A new lithium battery could triple the range of electric cars and reduce costs, and be in use within 12 months.
The battery would not only change the car market, but double the running life of a smartphone or a laptop, said Dr Qichao Hu, who developed it with his former professor, Donald Sadoway, a battery expert at the Massachusetts Institute of Technology. “We’ve got to get a car on the showroom floor for $30,000, not $130,000, and the big piece is the battery: it’s too expensive and it runs down too fast,” Prof Sadoway told the Financial Times.
The new lithium battery does not need the same system to prevent it overheating or catching fire and will be 20% cheaper. Just 500 electric cars have been sold in Ireland, but interest is growing. However, there are concerns about ‘range anxiety’, charging times, access to charge points and the lifespan of batteries.
This may change that: “That’s game-changing,” said Arndt Ellinghorst, head of global automotive research at ISI Group, an investment research group. “There are a lot of experienced battery-makers trying to do exactly that, because it’s the killer application.”
Independent tests in the US found the prototype cells in the battery developed by Dr Hu and Prof Sadoway potentially store more than twice as much energy as conventional cells. The new battery has an ultra-thin metal anode with higher energy density than the graphite and silicon anodes in current batteries, and uses safer electrolyte material.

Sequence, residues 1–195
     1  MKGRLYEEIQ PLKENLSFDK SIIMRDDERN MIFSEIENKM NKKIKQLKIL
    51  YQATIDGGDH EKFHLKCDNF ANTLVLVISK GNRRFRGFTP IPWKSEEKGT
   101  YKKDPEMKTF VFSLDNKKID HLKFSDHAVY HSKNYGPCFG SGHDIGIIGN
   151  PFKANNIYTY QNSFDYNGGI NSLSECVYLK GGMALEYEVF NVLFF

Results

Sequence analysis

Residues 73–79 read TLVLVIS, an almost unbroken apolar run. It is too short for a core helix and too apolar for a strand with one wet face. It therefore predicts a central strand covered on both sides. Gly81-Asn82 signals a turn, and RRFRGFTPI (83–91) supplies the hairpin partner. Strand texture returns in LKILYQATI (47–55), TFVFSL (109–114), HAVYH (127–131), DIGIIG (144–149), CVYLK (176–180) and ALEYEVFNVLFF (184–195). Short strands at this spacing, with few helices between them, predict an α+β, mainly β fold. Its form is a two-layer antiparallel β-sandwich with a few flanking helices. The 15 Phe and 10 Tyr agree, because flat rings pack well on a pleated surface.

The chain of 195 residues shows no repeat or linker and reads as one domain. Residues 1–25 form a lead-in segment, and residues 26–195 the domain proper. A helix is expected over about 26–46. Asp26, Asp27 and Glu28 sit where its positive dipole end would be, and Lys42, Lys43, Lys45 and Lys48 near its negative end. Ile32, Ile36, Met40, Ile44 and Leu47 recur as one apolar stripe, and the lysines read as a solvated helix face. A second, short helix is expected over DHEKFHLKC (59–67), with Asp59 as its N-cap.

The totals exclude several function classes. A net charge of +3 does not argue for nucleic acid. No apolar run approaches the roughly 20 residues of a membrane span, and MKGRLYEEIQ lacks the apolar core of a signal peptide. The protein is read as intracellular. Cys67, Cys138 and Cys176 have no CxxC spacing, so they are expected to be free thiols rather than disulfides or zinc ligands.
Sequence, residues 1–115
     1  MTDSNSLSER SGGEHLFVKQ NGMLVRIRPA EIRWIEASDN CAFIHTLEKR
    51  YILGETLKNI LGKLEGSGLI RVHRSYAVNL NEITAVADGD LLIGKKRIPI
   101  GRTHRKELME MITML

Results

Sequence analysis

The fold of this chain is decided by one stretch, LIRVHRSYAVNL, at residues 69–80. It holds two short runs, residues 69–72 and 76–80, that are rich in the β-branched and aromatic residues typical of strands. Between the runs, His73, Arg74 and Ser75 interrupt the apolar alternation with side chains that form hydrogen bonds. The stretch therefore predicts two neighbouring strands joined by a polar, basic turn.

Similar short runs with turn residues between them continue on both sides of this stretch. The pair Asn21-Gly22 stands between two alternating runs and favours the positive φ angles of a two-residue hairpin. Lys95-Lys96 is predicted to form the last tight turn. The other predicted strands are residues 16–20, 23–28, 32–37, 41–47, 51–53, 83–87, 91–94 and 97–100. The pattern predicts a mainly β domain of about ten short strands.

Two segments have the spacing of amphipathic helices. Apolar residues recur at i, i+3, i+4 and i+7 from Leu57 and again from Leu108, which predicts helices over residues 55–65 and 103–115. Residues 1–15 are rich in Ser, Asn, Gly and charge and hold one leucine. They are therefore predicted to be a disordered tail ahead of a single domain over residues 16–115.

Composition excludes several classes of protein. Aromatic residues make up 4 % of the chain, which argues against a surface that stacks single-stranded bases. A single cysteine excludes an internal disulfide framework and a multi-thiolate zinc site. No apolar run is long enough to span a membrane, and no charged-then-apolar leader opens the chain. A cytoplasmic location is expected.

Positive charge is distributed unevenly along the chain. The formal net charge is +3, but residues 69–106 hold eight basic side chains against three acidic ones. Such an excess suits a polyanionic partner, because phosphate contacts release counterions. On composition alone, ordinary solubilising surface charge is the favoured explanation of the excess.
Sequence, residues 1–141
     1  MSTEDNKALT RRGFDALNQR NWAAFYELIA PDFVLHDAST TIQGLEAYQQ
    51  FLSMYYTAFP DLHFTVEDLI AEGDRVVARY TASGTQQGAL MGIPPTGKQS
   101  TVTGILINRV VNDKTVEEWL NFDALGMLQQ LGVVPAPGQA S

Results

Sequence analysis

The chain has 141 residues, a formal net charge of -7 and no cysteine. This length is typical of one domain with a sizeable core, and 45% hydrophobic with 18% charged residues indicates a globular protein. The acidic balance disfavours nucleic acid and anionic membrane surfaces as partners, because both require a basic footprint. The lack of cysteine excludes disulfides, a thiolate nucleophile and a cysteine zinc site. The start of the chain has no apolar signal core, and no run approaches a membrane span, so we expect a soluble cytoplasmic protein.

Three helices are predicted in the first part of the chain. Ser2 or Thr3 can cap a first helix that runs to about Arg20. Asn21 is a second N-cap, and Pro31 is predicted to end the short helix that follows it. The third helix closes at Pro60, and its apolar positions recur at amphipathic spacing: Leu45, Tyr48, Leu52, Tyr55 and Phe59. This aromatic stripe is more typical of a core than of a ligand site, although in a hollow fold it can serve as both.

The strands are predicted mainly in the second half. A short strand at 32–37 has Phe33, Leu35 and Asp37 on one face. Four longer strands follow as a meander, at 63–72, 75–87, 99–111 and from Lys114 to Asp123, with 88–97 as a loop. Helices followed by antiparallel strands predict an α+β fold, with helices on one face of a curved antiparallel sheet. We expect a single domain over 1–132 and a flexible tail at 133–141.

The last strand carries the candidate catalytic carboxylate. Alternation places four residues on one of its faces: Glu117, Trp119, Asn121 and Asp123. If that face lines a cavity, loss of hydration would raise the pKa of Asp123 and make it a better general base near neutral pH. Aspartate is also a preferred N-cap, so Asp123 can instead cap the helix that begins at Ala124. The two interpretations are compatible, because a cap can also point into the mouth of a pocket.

The project has backing from Vertex, the venture capital arm of Temasek, Singapore’s state investment group, and Dr Hu said he had preliminary discussions with Apple, and Tesla, the electric carmaker, as well as with most major Asian battery manufacturers.
Meanwhile, Hyundai and its affiliate, Kia Motors, are to raise the average fuel economy of their vehicles by 25% by 2020 to meet emissions regulations in Europe, South Korea and the United States. The South Koreans on Monday agreed to pay $350m in penalties to the US government for overstating fuel economy ratings.
They said they would develop next-generation engines and transmissions, reduce the weight of key models and expand their line-up of environmentally friendly vehicles to reach the target. Hyundai and Kia, who share key components, said they would replace 70% of their 10 petrol and diesel engines with next-generation engines, while expanding the use of turbo-charged petrol engines.
Hyundai and Kia, which together rank fifth in global vehicle sales, plan to launch a compact, hybrid-dedicated vehicle and the plug-in hybrid version of the Sonata saloon, next year, as part of efforts to beef up their eco-friendly cars.
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